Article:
Next six months crucial for India in dealing with COVID-19 pandemic

Based on results of extended SIER model, and a potential status quo in infection control and prevention measures, a UNICEF study projects over 490,000 deaths between October 2020 and September 2021

Representative Image 
Representative Image

Gyan Pathak

The unprecedented spike in COVID-19 infections in India one year after the lockdown was imposed on March 24 is an alarming threat not only in terms of infection and death but lives in general due to the impending economic disruption if India does not plan for the crucial next six months, up to September 2021. The latest UNICEF report on “Direct and indirect effects of the COVID-19 pandemic and response in South Asia” contains the warning the country must pay heed to.

Based on the results of the extended SIER model, and a potential status quo in infection control and prevention measures, over 490,000 deaths are projected in the study in India between October 2020 and September 2021. It means that India needs additional mitigation measures to prevent such a large number of additional deaths.

With a sharp rise of infections, the number of hospitalizations and ICU admissions in the country are also going to see a spike, from the lowest level of infections and deaths in February 2021, as we can see in the latest trend in the country. To handle this, we urgently need to strengthen the healthcare system in the country.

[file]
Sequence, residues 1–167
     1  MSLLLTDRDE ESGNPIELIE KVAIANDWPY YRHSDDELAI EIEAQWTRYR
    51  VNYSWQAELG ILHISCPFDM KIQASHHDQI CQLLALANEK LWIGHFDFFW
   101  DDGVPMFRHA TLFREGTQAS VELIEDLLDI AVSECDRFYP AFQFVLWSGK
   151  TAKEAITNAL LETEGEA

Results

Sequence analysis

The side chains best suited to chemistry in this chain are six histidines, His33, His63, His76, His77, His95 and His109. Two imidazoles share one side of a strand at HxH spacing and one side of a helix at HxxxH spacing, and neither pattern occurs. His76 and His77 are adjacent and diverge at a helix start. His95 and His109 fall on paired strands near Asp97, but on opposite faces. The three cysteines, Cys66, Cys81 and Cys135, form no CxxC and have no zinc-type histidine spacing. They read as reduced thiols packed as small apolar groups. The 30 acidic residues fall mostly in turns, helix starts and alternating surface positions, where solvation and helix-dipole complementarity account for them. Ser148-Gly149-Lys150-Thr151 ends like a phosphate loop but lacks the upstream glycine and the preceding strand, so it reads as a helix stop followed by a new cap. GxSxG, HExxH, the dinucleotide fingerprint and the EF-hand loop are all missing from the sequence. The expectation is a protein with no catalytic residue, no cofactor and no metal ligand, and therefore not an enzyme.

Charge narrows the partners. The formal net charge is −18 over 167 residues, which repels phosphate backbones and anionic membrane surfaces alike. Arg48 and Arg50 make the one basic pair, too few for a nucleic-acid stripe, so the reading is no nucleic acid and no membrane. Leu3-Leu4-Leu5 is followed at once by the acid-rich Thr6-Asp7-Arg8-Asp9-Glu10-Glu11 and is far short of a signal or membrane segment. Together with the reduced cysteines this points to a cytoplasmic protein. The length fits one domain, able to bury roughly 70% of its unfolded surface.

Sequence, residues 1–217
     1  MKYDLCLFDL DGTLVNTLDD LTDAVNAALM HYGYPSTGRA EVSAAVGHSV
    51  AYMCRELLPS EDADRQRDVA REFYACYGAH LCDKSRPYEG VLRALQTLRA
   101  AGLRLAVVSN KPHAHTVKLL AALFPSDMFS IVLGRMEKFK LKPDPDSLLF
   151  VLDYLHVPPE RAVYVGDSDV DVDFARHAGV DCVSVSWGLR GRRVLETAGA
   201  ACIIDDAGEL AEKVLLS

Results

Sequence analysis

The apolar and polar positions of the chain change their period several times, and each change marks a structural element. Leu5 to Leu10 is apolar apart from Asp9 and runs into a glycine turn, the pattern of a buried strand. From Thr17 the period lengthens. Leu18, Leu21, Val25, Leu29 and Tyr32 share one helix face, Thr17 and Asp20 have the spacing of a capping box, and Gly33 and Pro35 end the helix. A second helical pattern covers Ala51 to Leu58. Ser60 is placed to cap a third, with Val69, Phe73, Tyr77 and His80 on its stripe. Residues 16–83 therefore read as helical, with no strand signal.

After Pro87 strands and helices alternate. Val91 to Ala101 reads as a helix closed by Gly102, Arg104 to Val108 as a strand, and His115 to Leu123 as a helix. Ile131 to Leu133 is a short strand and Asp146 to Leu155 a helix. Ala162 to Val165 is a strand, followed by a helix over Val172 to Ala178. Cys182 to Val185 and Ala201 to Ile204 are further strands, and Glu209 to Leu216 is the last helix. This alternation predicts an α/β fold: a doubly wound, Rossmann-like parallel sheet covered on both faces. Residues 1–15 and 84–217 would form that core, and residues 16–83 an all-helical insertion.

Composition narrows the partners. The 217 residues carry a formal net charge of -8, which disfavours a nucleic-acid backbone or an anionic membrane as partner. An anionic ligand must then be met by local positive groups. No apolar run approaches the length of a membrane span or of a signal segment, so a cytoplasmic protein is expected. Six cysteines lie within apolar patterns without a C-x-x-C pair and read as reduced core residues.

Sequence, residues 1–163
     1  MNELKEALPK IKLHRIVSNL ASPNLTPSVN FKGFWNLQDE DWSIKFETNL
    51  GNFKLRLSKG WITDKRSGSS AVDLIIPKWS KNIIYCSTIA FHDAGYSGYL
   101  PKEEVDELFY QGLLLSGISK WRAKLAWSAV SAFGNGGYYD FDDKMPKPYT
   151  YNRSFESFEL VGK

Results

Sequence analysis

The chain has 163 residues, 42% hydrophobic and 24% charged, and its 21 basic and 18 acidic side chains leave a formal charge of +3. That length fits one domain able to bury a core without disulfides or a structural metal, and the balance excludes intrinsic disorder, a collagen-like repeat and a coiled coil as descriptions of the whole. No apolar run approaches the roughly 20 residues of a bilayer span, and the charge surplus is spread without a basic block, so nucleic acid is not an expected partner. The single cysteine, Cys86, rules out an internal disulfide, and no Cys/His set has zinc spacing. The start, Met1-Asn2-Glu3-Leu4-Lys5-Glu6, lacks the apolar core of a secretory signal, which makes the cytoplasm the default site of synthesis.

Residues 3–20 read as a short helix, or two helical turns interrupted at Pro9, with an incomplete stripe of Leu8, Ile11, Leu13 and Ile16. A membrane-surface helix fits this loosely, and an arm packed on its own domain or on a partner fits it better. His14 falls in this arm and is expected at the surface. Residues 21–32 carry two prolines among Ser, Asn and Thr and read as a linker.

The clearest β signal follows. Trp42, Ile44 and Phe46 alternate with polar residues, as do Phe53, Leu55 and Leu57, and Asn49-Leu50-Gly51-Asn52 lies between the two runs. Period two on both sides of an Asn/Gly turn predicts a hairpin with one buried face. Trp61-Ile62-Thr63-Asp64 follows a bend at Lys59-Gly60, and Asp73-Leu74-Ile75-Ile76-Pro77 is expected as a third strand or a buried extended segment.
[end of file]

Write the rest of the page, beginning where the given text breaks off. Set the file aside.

The report says that instituting all mitigation strategies could reduce the numbers of deaths due to COVID-19 by 83 per cent. In absolute numbers, it may be reduced to 85,821 deaths from 491,117 deaths under the no-additional mitigations scenario. ICU admissions could similarly be reduced by 75 per cent with additional mitigations strategies apart from the present deployment.

India would need to spend a huge amount of money to prevent such a large number of additional deaths by September 2021. The study has estimated that India is expected to bear the largest share of these costs in South Asia, with the country having to spend more than US$ 7.8 billion on testing, and US$ 1.7 billion on healthcare utilizations due to COVID-19 infections leading to death.

Although there will be costs associated with implementing COVID-19 mitigations strategies, such as households having to spend money out-of-pocket in purchasing masks and hand sanitizers, these cannot be measured with any specificity. However, any costs associated with increased use of masks and hand sanitizers will likely be much lower than what will be needed to spend on COVID-19 healthcare utilization.

Even if the government of India decides to stick to no additional mitigation, it would have to spend US$2.3 billion on testing. Hand hygiene would cost the country around US$659 million, smart lockdowns (i.e. local lockdowns) US$ 1.1 billion and masks US$ 845 million. The additional strategies would cost the country about US$404 million.

It is clear that India would need an additional amount, much more than what is provisioned in the Budget 2021-21, which had not visualized the deteriorating conditions ahead. States are financially in very bad shape and it has already been reported that some of the states are not able to spend what is required in successfully containing the spread of the disease. The Union government would thus need to enhance the centre’s financial support to the states.